In "Kfar Hayarok," the main environmental project is the preservation of endangered species and restoration of field margins. Our pupils learn about the nature and the environmental crisis. From their knowledge, we work to change for better the environment they live in. We collaborate with GAIA and the Israel Nature and Parks Authority on conserving a 30-acre (120 dunam) of area that contains two winter pound, orchards, and more. We have a refuge garden where we grow approximately 20 endangered plant species. Then our students reintroduce these protected species back to their original habitats. Our educational program encompasses 1,200 pupils from different backgrounds such as Israeli Jews and Arabs, New Immigrants and Foreign Students.
Endangered Plant Reintroduction
In the last 8 years we have planted hundreds of seedlings of endangered plant in conservation around the Sharon district. The work of planting and monitoring the plants is performed together with GAIA students. The support of GAIA made it possible to buy the equipment that can lead us to better understand the special niche that endangered species need.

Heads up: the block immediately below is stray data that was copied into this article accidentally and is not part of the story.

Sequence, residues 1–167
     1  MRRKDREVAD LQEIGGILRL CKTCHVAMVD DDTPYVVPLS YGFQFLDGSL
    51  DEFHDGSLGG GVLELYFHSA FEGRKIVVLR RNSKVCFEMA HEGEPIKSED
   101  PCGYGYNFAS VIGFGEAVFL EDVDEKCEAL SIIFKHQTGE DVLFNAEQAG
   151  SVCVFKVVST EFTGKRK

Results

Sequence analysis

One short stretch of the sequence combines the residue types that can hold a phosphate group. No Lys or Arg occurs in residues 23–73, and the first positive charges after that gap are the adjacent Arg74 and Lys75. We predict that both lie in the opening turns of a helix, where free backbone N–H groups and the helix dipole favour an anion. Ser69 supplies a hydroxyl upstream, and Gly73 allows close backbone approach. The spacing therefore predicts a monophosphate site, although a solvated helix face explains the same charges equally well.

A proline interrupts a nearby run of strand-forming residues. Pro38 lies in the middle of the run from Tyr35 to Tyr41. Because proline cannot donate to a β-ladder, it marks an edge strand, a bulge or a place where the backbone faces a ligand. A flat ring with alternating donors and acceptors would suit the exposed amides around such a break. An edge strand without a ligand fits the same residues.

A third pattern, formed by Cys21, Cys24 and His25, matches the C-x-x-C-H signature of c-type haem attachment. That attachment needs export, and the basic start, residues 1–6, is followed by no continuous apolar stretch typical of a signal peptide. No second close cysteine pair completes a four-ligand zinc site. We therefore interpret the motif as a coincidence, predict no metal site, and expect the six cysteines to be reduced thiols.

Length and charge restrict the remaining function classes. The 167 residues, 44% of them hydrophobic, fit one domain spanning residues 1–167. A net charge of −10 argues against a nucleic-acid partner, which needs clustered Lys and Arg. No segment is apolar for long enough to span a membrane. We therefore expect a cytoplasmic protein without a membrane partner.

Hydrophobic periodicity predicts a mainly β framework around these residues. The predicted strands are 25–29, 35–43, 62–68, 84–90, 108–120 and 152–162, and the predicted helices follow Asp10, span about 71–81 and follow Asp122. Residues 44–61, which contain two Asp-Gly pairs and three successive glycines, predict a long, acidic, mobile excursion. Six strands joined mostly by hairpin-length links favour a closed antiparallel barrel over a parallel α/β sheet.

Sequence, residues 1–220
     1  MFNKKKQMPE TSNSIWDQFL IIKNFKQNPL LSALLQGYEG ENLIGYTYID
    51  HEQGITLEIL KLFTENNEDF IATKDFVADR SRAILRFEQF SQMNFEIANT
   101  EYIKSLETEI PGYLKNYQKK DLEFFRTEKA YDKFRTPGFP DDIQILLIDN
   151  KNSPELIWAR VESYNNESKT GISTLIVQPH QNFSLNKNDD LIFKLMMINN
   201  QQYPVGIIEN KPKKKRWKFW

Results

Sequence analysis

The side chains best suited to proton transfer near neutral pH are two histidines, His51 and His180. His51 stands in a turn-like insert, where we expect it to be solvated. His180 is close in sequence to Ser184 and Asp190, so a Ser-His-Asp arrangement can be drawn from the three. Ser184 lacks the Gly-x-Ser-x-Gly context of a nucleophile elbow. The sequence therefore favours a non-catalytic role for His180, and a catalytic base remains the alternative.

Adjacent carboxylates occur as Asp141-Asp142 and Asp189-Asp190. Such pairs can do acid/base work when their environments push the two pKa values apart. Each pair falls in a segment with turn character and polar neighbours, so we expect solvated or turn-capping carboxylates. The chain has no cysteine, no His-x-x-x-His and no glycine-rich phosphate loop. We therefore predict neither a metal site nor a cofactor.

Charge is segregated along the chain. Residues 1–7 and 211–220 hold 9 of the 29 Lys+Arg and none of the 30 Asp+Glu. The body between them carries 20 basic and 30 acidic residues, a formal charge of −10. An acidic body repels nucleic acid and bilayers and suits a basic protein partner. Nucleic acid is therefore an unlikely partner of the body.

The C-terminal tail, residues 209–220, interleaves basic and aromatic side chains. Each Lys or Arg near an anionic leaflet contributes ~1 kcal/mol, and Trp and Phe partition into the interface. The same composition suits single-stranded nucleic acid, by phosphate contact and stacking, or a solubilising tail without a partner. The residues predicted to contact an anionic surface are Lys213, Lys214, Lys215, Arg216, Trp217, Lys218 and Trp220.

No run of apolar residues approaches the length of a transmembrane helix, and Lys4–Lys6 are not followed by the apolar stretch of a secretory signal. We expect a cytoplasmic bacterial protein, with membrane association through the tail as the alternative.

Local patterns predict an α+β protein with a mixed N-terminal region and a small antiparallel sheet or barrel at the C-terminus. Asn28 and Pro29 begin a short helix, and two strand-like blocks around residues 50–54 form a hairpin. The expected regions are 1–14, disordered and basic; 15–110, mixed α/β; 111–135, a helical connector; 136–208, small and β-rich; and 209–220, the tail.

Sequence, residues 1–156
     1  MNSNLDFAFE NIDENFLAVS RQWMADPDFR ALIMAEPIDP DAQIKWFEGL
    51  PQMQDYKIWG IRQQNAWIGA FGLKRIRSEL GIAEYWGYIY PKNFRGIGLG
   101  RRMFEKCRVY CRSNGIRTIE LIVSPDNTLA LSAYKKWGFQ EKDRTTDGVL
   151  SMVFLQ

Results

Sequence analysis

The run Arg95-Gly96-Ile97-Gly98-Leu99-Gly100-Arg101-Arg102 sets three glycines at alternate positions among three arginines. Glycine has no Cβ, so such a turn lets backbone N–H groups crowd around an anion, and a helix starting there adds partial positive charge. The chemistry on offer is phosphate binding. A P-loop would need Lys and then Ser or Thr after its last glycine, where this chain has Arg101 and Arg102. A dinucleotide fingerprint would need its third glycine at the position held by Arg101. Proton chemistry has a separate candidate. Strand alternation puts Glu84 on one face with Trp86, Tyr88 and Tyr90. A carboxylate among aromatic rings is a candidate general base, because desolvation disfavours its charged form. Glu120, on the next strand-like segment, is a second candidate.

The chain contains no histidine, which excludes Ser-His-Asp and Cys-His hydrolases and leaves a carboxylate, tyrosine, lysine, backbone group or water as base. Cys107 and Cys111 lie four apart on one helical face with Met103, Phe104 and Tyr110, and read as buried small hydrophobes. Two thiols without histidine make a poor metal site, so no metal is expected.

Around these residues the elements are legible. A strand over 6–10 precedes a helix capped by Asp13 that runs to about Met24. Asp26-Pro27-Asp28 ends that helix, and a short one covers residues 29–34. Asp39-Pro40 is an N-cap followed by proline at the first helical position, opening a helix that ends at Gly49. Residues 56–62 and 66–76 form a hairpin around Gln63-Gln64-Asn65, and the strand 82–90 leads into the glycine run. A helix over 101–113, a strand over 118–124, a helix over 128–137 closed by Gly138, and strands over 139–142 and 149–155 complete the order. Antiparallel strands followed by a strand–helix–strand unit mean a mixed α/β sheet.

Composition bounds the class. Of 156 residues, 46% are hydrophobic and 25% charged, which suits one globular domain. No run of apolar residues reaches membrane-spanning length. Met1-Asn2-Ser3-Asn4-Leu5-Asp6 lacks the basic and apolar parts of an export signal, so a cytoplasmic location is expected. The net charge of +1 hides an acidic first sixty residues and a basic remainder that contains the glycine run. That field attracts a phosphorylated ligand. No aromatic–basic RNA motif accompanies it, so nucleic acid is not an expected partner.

Fire Ant Research
In the last two years, we have been collaborating with Tel Aviv University, GAIA, and the Authority of Conservation in this research project aimed at investigating and producing the best and least toxic protocol for the eradication of the invasive fire ant. The project already produced a mid-research paper and in mid-January one of our students lectured in the annual zoology conference about our findings throughout this research (youngest student ever that made a lecture in this academic conference). We believe that next year we will have an article in a scientific newspaper. The wide spread of GAIA-participating schools and their willingness to take part in the project will help to find and map places where the ant invade. This data is important to academia and the conservation authority in the effort to understand the dispersal dynamic of the invasive fire ant.
In the Kfar we have a shelter for tortoises that have grown in captivity and are not suitable for release into the wild. To investigate the ability to release tortoises in nature, the Kfar, GAIA, and the the Authority of Conservation will put a solar GPS transmitter on the tortoise and release it. Every week, the students will find the animal and monitor its physiological parameters. This project will be a case study for the release of hundreds of tortoises that live in captive condition.